Reprints of Littell's Political Transactions in and Concerning Kentucky and Letter of George Nicholas to His Friend in Virginia: Also General Wilkinson's Memorial

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J. P. Morton, incorporated., 1926 - Kentucky - 172 pages
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Page 140 - The conventions of a number of the States having, at the time of their adopting the constitution, expressed a desire, in order to prevent misconstruction or abuse of its powers, that further declaratory and restrictive clauses should be added...
Page 166 - And, lastly, to vindicate these rights when actually violated or attacked, the subjects of England are entitled, in the first place, to the regular administration and free course of justice in the courts of law ; next, to the right of petitioning the king and parliament for redress of grievances ; and, lastly, to the right of having and using arms for self-preservation and defence.
Page 165 - ... the judgment for the king, than ever it was after; men before pleasing themselves with doing somewhat for the king's service, as a testimony of their affection, which they were not bound to do...
Page 127 - The constitution declares that "congress shall have power to raise and support armies," an act passed by congress gives the president power "in the event of a declaration of war against the United States, or of actual invasion of their territory by a foreign power, or of imminent danger of such invasion, discovered in his opinion to exist before the next session of congress...
Page 117 - received and admitted into this Union as a new and entire member of the United States." CONSTITUTION OF THE UNITED STATES OF AMERICA...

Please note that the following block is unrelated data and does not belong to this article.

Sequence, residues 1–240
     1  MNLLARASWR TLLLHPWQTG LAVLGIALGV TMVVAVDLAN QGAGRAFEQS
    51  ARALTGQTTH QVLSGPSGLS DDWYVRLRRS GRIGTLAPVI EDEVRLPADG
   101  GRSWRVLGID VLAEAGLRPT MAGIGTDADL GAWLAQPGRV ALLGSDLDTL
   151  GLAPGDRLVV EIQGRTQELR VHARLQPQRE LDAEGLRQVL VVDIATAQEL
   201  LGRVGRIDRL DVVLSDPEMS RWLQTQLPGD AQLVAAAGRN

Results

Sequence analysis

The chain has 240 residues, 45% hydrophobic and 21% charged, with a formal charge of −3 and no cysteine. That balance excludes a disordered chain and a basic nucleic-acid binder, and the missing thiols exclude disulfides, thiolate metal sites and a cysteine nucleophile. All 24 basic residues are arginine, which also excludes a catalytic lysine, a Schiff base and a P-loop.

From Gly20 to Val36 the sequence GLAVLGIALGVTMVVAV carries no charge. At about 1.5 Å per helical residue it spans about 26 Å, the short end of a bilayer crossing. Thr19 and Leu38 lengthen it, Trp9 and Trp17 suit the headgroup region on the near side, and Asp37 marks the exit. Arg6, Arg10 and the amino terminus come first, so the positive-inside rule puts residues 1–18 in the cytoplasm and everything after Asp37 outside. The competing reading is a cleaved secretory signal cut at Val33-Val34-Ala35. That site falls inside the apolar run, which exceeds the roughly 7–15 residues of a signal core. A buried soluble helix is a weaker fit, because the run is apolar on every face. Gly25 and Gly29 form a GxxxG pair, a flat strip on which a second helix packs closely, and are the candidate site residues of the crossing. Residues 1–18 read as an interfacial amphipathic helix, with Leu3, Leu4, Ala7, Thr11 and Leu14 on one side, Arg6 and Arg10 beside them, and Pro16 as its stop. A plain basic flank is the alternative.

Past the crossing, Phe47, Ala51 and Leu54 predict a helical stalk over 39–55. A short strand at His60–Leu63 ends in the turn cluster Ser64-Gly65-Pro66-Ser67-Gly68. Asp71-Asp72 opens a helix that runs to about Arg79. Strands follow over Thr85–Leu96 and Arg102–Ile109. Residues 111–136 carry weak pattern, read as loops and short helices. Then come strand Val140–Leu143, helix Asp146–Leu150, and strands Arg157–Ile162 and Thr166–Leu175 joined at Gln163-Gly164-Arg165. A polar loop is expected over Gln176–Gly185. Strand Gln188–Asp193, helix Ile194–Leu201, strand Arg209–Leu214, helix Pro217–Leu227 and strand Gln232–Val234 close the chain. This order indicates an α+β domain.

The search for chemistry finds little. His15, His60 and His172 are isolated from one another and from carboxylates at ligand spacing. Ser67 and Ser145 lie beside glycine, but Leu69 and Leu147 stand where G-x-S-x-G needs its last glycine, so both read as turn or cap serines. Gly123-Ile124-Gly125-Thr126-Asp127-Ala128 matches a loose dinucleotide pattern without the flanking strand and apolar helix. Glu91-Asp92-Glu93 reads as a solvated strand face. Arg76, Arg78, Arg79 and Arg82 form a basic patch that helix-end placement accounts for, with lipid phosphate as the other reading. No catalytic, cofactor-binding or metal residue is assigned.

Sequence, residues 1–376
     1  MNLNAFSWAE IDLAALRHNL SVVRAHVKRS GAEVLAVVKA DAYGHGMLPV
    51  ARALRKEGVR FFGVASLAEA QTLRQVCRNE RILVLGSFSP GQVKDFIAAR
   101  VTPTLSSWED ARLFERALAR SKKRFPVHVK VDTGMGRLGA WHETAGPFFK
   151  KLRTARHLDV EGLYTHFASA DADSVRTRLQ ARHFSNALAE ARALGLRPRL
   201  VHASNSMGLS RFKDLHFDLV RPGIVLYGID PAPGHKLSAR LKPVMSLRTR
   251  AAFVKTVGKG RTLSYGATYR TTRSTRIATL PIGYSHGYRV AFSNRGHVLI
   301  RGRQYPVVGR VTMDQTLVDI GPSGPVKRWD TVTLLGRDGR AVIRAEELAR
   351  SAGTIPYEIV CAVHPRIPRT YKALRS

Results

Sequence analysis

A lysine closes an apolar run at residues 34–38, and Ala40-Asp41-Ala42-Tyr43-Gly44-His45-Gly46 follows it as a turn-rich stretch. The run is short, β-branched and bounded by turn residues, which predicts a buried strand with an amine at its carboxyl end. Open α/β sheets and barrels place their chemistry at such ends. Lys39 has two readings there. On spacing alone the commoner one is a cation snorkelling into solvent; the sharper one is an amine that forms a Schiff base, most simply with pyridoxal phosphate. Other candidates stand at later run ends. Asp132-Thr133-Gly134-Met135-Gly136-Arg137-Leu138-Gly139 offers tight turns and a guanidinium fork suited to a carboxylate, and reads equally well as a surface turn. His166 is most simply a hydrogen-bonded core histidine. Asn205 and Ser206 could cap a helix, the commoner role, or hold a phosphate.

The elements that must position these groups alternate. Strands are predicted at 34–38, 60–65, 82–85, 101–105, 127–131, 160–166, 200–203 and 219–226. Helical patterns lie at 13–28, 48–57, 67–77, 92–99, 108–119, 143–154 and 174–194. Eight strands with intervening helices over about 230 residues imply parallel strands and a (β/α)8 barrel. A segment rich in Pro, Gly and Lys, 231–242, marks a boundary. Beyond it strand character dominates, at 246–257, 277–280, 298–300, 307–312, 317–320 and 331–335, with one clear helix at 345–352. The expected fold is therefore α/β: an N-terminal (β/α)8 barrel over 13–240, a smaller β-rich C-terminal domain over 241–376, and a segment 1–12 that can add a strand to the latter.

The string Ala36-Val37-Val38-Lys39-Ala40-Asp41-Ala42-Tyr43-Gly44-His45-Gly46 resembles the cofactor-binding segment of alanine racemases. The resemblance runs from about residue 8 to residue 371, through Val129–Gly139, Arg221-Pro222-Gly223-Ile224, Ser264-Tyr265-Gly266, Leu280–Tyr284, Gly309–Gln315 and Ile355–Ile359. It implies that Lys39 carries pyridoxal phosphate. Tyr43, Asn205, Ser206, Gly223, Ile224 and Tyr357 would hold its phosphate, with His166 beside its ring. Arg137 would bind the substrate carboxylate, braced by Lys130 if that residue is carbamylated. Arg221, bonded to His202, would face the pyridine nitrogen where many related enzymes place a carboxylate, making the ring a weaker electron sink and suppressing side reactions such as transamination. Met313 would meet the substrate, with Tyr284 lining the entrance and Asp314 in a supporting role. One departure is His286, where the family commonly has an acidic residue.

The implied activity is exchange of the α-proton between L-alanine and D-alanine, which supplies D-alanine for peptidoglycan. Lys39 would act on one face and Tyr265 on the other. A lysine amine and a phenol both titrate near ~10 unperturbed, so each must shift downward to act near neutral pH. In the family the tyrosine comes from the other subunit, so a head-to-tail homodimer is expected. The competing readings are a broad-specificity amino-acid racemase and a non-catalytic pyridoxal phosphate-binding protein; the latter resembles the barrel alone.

Page 163 - It only supposes that the power of the people is superior to both; and that where the will of the legislature declared in its statutes, stands in opposition to that of the people declared in the constitution, the judges ought to be governed by the latter, rather than the former.
Page 74 - that the use and navigation of the river Ohio, so far as the territory of the proposed state, or the territory which shall remain within the limits of this Commonwealth lies thereon, shall be free and common to the citizens of the United States...
Page 135 - He has endeavored to prevent the population of these States ; for that purpose obstructing the laws for the naturalization of foreigners, refusing to pass others to encourage their migration hither and raising the conditions of new appropriations of lands.
Page 119 - The western and northern extent of Virginia shall, in all other respects, stand as fixed by the Charter of King James I. in...
Page 142 - President, or to bring them, or either of them, into contempt or disrepute; or to excite against them, or either or any of them, the hatred of the good people of the United States...

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